News that Databricks crossing the $800 million annual recurring revenue (ARR) threshold last year was impressive, but most notable was its growth rate of over 80% over the same period. It’s a breakneck pace of expansion for a company the size of Databricks, and it supported its CEO’s general mood that his team could withstand any change in market conditions regarding the value of software startups, at provided it maintains growth.
This is like saying you don’t need more than one dart at the bar because you intend to hit the bullseye on your first shot. Most people won’t make it.
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So what about companies whose growth is slowing in the startup market, especially those now facing a changing market that is turning what were once headwinds into headwinds at full force? Well, the public markets detail an increasingly clear and perhaps bleak picture for companies valued on growth more than profitability – that is, all startups and a good chunk of recently public unicorns. .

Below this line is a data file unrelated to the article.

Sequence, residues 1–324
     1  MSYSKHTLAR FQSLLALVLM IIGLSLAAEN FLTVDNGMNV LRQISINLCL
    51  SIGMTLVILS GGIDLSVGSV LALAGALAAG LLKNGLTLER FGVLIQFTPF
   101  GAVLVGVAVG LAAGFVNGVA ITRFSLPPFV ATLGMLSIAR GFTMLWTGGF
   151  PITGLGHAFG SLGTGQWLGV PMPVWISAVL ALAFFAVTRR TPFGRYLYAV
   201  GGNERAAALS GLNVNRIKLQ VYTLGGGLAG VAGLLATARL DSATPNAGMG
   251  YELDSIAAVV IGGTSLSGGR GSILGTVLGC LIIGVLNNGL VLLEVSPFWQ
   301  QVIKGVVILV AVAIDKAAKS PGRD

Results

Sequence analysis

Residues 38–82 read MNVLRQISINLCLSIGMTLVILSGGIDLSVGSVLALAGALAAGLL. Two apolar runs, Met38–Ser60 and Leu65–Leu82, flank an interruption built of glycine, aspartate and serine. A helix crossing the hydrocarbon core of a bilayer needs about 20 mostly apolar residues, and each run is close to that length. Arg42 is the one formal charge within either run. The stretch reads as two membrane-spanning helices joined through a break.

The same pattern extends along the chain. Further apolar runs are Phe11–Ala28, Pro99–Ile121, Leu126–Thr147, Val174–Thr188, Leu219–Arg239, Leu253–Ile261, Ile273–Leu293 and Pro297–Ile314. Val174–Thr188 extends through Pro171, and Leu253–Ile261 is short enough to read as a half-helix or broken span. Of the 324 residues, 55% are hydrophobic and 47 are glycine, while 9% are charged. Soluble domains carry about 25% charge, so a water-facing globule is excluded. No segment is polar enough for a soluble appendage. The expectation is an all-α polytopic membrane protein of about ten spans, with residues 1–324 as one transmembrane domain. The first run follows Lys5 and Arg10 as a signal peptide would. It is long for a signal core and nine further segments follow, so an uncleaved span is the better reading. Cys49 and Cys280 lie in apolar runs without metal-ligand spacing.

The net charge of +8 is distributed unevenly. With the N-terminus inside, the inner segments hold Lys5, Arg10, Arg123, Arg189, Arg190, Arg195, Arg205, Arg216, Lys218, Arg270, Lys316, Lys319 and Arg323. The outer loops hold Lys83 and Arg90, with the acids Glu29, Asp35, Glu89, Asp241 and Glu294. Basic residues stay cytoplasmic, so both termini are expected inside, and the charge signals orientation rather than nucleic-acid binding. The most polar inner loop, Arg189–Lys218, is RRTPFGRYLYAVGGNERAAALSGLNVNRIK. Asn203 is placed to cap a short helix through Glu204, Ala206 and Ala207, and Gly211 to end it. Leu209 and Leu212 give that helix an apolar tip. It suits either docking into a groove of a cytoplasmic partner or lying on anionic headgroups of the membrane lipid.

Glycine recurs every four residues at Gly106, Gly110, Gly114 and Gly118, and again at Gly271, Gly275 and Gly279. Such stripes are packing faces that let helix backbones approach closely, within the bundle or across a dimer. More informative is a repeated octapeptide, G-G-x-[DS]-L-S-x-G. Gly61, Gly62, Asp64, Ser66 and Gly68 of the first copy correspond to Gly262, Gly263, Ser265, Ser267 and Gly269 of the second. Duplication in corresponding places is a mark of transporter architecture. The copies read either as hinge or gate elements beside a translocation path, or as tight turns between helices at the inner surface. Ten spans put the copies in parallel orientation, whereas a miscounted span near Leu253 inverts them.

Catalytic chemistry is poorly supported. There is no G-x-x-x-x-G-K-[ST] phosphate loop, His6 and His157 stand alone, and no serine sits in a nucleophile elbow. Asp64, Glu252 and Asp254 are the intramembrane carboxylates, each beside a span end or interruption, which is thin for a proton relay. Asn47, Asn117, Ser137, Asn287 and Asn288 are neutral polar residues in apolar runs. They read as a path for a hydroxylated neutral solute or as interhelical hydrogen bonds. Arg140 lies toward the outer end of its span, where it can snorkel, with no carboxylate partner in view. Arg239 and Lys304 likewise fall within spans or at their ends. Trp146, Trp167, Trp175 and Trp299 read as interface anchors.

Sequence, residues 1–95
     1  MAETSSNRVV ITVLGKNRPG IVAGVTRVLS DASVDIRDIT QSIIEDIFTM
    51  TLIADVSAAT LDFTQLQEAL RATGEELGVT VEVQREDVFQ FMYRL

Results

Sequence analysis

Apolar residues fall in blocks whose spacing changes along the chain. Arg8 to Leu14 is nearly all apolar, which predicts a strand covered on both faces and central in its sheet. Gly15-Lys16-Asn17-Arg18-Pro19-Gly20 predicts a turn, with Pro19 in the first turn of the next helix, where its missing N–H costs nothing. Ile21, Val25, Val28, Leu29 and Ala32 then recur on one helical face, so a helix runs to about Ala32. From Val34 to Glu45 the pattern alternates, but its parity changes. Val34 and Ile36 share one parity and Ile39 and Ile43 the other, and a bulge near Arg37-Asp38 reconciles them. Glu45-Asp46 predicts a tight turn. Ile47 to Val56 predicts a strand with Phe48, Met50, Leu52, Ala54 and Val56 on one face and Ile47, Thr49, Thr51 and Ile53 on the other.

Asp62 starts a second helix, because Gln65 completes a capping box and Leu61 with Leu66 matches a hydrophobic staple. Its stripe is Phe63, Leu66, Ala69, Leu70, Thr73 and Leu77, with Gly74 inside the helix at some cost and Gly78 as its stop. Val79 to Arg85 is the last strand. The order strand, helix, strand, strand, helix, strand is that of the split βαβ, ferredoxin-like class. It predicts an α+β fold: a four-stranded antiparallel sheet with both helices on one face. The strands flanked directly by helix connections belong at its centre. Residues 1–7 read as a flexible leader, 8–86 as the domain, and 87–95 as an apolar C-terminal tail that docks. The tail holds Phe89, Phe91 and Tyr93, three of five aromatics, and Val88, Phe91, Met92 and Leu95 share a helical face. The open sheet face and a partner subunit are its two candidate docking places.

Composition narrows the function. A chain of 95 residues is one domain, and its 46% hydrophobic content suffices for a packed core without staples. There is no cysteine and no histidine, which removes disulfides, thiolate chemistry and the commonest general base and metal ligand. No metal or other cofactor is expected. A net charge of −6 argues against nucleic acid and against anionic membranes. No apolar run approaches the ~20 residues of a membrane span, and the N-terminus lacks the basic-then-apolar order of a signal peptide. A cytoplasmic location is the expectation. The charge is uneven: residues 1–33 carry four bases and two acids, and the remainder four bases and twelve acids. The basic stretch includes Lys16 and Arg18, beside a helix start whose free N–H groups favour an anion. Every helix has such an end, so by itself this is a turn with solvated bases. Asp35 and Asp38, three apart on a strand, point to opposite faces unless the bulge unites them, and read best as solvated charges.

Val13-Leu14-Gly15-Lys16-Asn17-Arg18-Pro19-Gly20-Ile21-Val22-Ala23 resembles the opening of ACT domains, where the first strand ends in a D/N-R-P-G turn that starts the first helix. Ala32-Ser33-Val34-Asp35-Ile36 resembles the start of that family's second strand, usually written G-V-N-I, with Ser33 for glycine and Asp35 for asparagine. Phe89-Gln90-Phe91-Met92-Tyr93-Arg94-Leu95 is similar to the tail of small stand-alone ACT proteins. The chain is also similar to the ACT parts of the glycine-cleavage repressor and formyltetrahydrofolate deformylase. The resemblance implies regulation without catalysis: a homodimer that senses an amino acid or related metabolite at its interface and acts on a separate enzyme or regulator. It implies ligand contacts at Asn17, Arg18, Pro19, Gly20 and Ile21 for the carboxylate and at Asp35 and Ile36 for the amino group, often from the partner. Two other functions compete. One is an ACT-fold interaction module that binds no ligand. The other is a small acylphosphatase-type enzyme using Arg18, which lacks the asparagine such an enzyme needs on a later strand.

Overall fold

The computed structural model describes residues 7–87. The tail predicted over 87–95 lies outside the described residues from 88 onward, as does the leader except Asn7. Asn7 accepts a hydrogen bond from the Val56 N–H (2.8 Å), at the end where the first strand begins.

grow or die
Last summer, The Exchange jokingly said that cloud companies — software companies that deliver their products over the internet — were in a do-or-die situation, comparing the tough results of Dropbox and Box with a few startups. high growth. From where we are today, June 2021 might as well be ten years ago in terms of market conditions, but I recall to emphasize that growth has always mattered; we are not treading new waters here.
What has changed, it seems, is that the bar for what is considered good earnings performance rests almost entirely on future growth. That is, good tracking results are expected as a matter of course, and the stock price – the value of the company – is based on future results. That is to say the orientation.
For startups, the lesson here is that no matter how you perform in 2021, investor sentiment seems more tied to what you’re projecting for this year than anything else.